California earned a grade of “C” in providing health insurance for children on a report card issued this month by a national youth advocacy group.
Whether that grade goes up or down on the next report card may be determined by policy debates under way now in Washington, D.C., and Sacramento and by voters in November.
In its “2008 California Report Card: The State of the State’s Children,” Children Now, a research and advocacy organization based in Oakland, assigned letter grades to a variety of children’s issues. The state’s K-12 education system earned a C-. In kids’ obesity, California got a D+.
The C in health insurance was not as bad as it could have been, according to some.
What happens next in the effort to secure health insurance for all children in the state will be affected by the future of the national funding mechanism for the Healthy Families program as well as the legislative campaign for health reform in California. State voters also might have a say in November if the Senate approves the reform package put forward by Republican Gov. Arnold Schwarzenegger and Democratic speaker of the Assembly Fabian Núñez (Los Angeles). The governor and Núñez are working to qualify a ballot measure to fund their reform plan for the November election.
“We’re at a moment of truth,” says Wendy Lazarus, founder and co-president of The Children’s Partnership, a national child advocacy organization with offices in Santa Monica and Washington, D.C.
“As kids’ advocates, we’ve been working for years toward the goal of getting all kids covered. I think this ballot initiative is our best chance of doing that in California,” Lazarus says.
Ted Lempert, president of Children Now, agrees.
“The health and education of California’s kids are at a pivotal point,” Lempert says. “Whether or not all children in the state have health insurance coverage will likely be decided by the voters in November 2008.”
At the core of California efforts to insure kids is the Healthy Families program, California’s version of the State Children’s Health Insurance Program, which is funded jointly by states and the federal government.
In Washington, D.C., this week, Congress begins discussing the future of SCHIP, twice vetoed by President Bush. House Democrats are planning an override vote this week on Bush’s second SCHIP veto. They were unable to override the first.
Last month, after considerable rancor following his second veto, Bush signed legislation to extend funding for SCHIP through March 2009. The 15-month extension is expected to provide enough funds to cover children currently enrolled in the program, but beyond that the program’s future is in limbo.
There’s still some question about exactly how much federal money will be available in the next 15 months, but following Bush’s extension and subsequent communications with federal officials, California officials are a little more optimistic than they were last fall.
“Our anxiety level has dropped significantly in the last few weeks,” says Ronald Spingarn, deputy director of legislation and external affairs for the state Managed Risk Medical Insurance Board.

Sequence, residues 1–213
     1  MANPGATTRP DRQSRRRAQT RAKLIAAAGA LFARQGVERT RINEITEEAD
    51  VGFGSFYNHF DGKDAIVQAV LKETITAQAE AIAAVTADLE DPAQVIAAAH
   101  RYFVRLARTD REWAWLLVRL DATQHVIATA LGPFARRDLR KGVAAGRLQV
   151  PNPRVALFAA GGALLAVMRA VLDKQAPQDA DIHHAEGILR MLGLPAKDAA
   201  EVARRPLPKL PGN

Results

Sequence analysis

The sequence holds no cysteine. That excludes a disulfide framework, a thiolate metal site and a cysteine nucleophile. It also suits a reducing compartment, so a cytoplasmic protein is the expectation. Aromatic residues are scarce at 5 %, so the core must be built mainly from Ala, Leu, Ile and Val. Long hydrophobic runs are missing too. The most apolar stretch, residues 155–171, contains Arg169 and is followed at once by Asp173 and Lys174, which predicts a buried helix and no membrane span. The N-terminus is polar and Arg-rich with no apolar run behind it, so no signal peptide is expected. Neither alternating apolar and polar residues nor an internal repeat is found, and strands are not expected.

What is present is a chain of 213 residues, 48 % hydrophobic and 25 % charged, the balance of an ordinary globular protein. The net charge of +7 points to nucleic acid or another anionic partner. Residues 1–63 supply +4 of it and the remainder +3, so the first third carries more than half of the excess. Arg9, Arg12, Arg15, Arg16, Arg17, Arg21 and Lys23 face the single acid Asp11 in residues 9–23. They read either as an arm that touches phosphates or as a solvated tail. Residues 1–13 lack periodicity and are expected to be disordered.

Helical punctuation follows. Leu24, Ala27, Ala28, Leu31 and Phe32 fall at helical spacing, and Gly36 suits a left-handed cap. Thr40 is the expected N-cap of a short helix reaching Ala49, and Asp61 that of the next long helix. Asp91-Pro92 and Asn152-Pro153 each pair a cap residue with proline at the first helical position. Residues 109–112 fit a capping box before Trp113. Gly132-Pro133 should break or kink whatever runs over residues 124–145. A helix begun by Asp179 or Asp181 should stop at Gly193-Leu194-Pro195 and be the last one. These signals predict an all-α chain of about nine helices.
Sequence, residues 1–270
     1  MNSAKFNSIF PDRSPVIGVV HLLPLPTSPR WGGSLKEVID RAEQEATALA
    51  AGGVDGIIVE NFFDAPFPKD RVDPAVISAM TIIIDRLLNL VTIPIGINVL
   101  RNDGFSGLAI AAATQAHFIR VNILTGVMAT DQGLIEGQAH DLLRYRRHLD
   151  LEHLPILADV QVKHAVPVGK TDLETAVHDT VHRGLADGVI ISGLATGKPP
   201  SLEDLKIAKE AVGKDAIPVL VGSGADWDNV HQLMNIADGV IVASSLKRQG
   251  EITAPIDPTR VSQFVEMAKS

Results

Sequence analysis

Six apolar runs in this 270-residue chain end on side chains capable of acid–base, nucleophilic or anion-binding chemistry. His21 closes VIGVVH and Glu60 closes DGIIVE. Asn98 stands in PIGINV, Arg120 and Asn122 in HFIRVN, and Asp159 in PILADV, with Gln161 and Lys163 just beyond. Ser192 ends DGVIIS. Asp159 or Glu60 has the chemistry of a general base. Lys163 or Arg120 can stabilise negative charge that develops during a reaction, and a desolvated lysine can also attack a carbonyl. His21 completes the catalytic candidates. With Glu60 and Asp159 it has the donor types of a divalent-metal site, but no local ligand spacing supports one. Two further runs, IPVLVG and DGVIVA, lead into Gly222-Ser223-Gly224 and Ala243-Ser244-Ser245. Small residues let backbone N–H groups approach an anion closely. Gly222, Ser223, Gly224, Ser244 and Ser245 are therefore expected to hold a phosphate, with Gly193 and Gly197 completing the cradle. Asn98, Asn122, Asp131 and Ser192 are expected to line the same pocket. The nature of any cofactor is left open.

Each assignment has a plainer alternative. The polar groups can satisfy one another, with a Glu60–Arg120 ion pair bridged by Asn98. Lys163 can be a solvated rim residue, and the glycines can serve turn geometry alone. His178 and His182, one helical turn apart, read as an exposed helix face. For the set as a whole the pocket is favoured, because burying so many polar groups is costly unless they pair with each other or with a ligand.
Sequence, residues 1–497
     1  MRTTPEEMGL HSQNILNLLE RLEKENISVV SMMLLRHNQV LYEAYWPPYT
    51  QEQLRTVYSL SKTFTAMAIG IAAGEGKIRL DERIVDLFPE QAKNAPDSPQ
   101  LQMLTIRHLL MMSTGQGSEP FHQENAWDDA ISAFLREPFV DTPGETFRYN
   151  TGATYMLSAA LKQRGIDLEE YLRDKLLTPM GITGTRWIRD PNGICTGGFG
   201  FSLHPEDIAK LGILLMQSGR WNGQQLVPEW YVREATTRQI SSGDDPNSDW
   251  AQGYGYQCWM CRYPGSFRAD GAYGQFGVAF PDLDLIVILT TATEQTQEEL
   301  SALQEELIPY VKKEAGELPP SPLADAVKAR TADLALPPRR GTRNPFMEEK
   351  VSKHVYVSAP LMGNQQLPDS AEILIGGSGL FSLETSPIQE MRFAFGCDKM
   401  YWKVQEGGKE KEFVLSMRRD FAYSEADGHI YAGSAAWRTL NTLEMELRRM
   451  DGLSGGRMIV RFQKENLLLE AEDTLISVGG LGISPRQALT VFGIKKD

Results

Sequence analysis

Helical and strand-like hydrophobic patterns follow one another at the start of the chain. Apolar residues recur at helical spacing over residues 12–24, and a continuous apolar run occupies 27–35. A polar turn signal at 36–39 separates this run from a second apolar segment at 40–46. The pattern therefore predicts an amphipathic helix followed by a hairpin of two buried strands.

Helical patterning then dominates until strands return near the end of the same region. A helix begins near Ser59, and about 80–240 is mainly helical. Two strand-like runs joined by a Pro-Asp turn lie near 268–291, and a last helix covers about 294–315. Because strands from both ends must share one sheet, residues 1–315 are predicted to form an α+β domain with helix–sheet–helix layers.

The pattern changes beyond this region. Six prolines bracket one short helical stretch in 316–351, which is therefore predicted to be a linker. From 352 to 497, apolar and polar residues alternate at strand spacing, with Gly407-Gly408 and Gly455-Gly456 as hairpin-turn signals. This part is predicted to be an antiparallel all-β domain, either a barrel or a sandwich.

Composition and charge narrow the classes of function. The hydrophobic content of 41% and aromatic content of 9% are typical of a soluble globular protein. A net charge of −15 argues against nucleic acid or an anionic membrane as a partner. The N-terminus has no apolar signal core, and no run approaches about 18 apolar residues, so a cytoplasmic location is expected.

“There are a lot more indications that there will be enough funding in the coming months. We were worried for a long time that that might not be the case, but recent language coming from federal offices has been much more reassuring,” Spingarn says.
Created in 1990 with a broad mandate to advise government on strategies for reducing the number of uninsured people in California, MRMIB is run by a volunteer board appointed by the governor and the Legislature.
Advocates for insuring kids got some new ammunition last week with a study showing that providing health insurance to children through county-based Children’s Health Initiatives saves California taxpayers in nine counties $7 million a year by preventing more than 1,000 unnecessary hospitalizations.
The research by the Center for Community Health Studies at USC’s Keck School of Medicine compared preventable childhood hospitalizations in nine California counties before and after the implementation of the Children’s Health Initiatives.
While the study, funded by First 5 California, only dealt with county-based Children’s Health Initiatives, the economic impacts have implications for all programs aimed at insuring children.
Children’s Health Initiatives, active in 25 California counties, help boost enrollment in public programs such as Healthy Families and Medi-Cal, and also offer their own coverage through Healthy Kids programs. Healthy Kids is for children in families who don’t qualify for state or federal programs because they earn too much or because of their immigration status.
Kids’ insurance programs — along with many other state programs — face cuts because of California’s estimated $14 billion budget shortfall. “There are some significant steps in the wrong direction,” says Lazarus. “Requiring Medi-Cal recipients to prove eligibility every three months is just ridiculous. The proposed increases for family premiums — even though they may be only $3 to $5 a month — can make it very hard for some families to choose to remain insured. And the across-the-board 10% cuts in Medi-Cal and other programs need to be looked at very carefully,” Lazarus says.
However, those cuts won’t be so crucial if the Schwarzenegger-Núñez health reform plan is adopted, Lazarus predicts.
“Some people say we shouldn’t be going after aggressive health reform right in the middle of this budget crisis, but I think it’s just the opposite: Now is exactly the right time. The reform that’s proposed looks for dollars outside of government,” Lazarus says. “The idea is to create a situation so kids’ health coverage will not be dependent on the ebbs and flows of the general fund.
“On balance,” Lazarus concludes, “the ballot initiative is a very strong package for kids. I think it’s the best shot we’ve had so far of getting us to our goal of having every kid covered.”